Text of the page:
Putting the pieces back together is difficult and very costly. But Internet allows it at zero cost, as in the case of the mentally ill who communicate amongst themselves in Brain Talk Communities, or those affected by electro-hypersensitivity who don’t even possess the words to describe their ailment. Dissatisfied with available diagnostics and treatments, they take on the task of identifying traits that might be recognized as symptoms, compelling them to manufacture a shared and contrasted language. These projects constitute a gigantic real-time clinical study, where the affected themselves have decided to take the reins of their own bodies. There are none more interested in finding a good answer than those who are risking their own lives searching for it. They know that they can only aspire to enhancing their quality of life: for them at least, the healing paradigm has been left behind.

The experiment is proven when they agree that they feel better, even though this recovery, as with drug addicts, is etched in words. It is an effect of a commitment held between all, not an individual solution. If participants get taken seriously by formal scientific institutions, or experience an improvement, there is no other choice but to admit that we’re speaking of knowledge constructed by all. The community that sustains it is recognized — diagnosed, even — in light of the fact that the knowledge it produces is validated by virtue of being functional. The community both serves and is created by this cognitive activity. Let’s summarize its nature: experimental, open, relational, distributed, horizontal, collaborative, inalienable and recursive. As conversationalists, they are producing a relational body based on the experiential, in all that the academic laboratory qualifies as collateral, irrelevant or useless (Lafuente e Ibáñez-Martín s/d). It’s the same experience we’ve previously described when referring to urbanism. From abandoned lots, from social practices long ignored for belonging to the poor, ignorant or marginal, we are reinventing the city. In the same way, we are creating a common body from all that’s left, that which was discarded as irrelevant by formal scientists.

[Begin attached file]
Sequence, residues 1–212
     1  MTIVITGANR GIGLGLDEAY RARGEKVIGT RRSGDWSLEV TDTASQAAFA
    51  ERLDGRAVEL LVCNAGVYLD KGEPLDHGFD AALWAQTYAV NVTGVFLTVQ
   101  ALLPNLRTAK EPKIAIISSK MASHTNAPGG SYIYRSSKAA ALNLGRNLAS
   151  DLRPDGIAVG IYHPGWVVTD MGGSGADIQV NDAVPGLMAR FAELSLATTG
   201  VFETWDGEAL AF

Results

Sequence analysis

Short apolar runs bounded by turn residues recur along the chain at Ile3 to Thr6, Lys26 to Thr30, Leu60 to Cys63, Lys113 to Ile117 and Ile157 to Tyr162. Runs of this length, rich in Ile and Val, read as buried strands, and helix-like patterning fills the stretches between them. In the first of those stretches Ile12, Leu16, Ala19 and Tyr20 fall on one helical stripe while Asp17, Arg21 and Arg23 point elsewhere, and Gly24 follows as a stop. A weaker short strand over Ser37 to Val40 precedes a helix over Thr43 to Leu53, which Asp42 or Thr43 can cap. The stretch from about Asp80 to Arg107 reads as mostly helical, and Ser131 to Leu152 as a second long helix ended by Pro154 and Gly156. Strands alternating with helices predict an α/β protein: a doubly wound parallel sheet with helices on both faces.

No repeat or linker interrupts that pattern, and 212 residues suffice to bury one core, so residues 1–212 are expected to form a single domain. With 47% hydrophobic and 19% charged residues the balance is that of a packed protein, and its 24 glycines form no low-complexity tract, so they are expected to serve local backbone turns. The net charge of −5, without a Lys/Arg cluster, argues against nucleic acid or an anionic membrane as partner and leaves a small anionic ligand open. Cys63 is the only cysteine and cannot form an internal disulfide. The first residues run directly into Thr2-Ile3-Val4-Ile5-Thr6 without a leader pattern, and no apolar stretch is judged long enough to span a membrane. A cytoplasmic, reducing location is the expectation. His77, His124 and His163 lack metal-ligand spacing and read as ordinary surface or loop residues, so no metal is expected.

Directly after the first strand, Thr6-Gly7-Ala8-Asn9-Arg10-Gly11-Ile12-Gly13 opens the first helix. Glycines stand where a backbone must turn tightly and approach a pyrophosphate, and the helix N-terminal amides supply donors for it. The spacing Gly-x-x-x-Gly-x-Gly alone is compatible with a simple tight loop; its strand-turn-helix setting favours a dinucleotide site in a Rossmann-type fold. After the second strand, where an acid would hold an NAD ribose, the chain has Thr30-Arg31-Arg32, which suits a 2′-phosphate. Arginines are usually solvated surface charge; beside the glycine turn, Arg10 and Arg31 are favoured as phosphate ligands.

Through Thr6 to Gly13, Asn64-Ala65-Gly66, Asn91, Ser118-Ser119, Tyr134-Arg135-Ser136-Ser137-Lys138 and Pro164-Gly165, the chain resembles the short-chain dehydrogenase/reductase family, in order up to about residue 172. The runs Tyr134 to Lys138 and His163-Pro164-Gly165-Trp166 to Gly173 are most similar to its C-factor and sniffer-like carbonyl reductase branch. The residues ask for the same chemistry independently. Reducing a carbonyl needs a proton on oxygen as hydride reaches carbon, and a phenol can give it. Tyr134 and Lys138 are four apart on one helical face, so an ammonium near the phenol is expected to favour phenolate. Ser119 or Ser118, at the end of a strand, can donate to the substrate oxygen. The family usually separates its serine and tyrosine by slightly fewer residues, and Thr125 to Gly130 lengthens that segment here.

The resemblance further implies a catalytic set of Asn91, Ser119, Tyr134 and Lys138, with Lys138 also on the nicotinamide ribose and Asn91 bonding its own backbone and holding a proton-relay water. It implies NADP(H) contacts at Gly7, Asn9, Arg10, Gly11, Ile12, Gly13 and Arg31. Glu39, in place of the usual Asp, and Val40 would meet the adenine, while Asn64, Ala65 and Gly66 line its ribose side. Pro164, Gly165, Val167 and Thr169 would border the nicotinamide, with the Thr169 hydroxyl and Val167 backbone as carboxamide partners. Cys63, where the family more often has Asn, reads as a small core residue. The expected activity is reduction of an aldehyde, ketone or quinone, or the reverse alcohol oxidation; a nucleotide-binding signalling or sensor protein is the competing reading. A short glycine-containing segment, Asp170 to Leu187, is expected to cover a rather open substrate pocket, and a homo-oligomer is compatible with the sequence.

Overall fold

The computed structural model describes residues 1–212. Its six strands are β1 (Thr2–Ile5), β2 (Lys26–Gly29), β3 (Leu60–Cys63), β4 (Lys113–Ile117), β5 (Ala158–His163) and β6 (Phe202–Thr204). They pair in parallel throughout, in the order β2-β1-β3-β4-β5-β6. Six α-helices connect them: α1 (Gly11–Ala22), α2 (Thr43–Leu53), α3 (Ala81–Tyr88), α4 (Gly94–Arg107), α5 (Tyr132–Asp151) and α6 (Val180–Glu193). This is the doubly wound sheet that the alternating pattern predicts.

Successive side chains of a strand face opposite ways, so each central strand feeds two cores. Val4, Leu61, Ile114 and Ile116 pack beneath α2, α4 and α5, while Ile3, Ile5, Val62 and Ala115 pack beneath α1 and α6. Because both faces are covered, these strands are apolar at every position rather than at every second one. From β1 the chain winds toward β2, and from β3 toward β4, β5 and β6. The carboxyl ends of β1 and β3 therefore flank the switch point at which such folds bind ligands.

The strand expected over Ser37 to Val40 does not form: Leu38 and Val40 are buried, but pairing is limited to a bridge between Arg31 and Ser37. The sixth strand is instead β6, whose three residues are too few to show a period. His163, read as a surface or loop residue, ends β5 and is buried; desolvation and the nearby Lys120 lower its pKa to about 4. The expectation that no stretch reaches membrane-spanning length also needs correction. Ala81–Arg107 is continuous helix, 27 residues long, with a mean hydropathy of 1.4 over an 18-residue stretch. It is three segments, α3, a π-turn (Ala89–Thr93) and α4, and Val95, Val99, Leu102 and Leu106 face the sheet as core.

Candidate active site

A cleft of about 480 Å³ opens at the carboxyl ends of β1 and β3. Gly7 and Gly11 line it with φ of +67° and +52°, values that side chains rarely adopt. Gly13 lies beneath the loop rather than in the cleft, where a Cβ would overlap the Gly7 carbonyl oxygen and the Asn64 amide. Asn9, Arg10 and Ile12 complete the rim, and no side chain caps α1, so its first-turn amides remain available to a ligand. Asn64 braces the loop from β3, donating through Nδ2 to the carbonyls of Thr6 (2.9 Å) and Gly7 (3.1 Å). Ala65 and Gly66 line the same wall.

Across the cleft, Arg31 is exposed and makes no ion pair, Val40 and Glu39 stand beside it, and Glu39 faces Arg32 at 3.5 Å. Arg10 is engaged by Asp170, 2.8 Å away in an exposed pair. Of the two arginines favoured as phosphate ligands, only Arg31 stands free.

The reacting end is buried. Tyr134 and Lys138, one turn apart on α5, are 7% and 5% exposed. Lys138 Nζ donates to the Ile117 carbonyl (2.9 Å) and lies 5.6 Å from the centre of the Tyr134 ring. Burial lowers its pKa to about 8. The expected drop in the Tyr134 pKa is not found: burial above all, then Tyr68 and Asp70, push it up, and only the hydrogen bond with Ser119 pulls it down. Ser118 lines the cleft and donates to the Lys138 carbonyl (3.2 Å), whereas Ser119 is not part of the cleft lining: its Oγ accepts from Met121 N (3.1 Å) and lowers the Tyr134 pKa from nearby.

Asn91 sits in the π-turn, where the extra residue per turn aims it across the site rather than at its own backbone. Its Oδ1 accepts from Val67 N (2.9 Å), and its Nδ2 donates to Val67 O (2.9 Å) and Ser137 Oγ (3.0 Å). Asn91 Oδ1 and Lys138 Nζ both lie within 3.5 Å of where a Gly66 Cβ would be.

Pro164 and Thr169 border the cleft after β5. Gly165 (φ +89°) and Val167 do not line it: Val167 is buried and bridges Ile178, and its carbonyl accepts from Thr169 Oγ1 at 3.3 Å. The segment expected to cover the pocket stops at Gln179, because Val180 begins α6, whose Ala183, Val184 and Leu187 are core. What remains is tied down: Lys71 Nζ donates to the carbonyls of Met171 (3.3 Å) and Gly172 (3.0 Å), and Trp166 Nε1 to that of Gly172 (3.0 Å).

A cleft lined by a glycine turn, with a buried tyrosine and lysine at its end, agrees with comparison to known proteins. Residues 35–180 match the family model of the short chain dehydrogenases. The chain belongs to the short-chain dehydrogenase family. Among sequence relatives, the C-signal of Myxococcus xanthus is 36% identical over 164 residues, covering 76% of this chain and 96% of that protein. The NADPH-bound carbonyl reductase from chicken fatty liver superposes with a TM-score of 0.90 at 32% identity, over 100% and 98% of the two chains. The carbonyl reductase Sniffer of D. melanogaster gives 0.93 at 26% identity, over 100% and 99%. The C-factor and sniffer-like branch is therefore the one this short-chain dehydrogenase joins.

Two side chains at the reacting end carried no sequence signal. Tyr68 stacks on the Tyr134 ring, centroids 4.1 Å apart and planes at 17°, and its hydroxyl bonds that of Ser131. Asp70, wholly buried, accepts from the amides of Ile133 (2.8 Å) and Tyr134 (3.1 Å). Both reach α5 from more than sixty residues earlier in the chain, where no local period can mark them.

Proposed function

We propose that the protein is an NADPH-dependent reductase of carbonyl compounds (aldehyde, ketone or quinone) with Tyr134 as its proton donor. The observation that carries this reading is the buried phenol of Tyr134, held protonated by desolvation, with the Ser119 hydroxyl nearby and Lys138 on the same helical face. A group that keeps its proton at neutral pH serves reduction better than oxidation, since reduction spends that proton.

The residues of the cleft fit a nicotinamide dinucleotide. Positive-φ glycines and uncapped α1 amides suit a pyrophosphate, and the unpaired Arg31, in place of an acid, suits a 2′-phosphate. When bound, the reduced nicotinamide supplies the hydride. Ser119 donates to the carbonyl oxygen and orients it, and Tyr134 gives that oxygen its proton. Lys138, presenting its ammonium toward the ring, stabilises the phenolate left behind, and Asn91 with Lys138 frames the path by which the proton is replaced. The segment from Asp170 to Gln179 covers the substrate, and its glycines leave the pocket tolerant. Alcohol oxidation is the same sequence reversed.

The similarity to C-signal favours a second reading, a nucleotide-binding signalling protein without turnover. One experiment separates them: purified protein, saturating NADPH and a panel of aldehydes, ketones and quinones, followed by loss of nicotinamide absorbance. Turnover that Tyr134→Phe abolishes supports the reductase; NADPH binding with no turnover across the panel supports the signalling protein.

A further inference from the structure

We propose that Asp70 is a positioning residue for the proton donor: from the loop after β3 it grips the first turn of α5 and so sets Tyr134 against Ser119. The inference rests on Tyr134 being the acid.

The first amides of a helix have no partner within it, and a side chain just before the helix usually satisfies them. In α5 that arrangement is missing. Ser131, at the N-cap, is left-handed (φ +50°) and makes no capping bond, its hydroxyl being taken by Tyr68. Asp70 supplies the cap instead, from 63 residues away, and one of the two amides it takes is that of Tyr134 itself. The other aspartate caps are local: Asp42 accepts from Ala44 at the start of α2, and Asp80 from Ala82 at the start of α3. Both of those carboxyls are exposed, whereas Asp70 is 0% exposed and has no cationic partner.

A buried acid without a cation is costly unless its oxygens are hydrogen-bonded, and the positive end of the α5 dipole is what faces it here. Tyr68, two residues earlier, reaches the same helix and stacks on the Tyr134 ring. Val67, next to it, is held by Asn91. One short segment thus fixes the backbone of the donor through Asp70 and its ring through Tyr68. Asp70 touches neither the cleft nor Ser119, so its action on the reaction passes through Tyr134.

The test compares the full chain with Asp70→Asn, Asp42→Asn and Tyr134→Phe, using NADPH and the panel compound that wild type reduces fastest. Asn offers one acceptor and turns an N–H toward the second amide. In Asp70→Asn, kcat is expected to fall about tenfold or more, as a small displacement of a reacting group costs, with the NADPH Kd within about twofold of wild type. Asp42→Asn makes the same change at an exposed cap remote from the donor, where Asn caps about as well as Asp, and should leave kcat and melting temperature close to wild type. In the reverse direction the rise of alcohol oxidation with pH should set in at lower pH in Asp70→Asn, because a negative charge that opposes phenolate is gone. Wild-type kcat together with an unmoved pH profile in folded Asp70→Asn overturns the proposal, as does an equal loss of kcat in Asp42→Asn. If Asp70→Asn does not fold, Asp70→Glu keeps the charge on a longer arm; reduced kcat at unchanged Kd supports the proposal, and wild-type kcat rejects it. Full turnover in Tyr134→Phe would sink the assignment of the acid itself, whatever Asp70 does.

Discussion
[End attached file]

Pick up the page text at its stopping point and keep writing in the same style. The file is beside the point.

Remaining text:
We now have all we need to reach a conclusion. The Commons science that has determined to achieve a reinvention of the body and the city is a knowledge enacted from the experiential, where, consequently, none can be excluded. Commons science is not an alternative to academic science. Both have a mutual need of each other, although we’ll occasionally see them contending public space, and ever more frequently, the publics.

Image by Praktyczny Przewodnik

Image by Praktyczny Przewodnik


  • Callon, M. (1994) “Is Science a Public Good? Fifth Mullins Lecture, Virginia Polytechnic Institute, 23 March 1993”, Science, Technology & Human Values, Vol.19/n.4: 395-424.
  • Corsín Jimenez, A. (2014) “The right to infrastructure: a prototype for open source urbanism”, Environment and Planning D: Society and Space advance online, Vol.32.
  • David, P. A. (2008) “The Historical Origins of ‘Open Science’. An Essay on Patronage, Reputation and Common Agency Contracting in the Scientific Revolution”, Capitalism and Society, Vol.3/n.2.
  • Harvey, D. (2012) Rebel Cities. From the Right to the City to the Urban Revolution, London, New York: Verso.
  • Kelty, C. (2008) Two Bits. The Cultural Significance of Free Software, Durham: Duke University Press.
  • Lafuente, A. and Ibáñez-Martín, R. (s/d) “Cuerpo común, y cuerpos colaterales”, manuscript.
  • Mirowski, P. (2011) Science-Mart. Privatizing American Science, Cambridge, MA: Harvard University Press.
  • Ostrom, E. (1990) Governing the Commons: The Evolution of Institutions for Collective Action, Cambridge: Cambridge University Press.





Translator’s notes

[a] We’ve elected to use “the publics” instead of “the public” in reference to Callon’s own nomenclature.

[b] “Okupar” in the original. “Okupar”, an alteration of the Spanish “Ocupar”, makes reference to the squatter movement, as well as the Occupy Movement.

PPLicense mockup small Produced by Guerrilla Translation under a Peer Production License.

Article translated by Stacco Troncoso and Anne Marie Utratel – Guerrilla Translation

Lead Image by Alison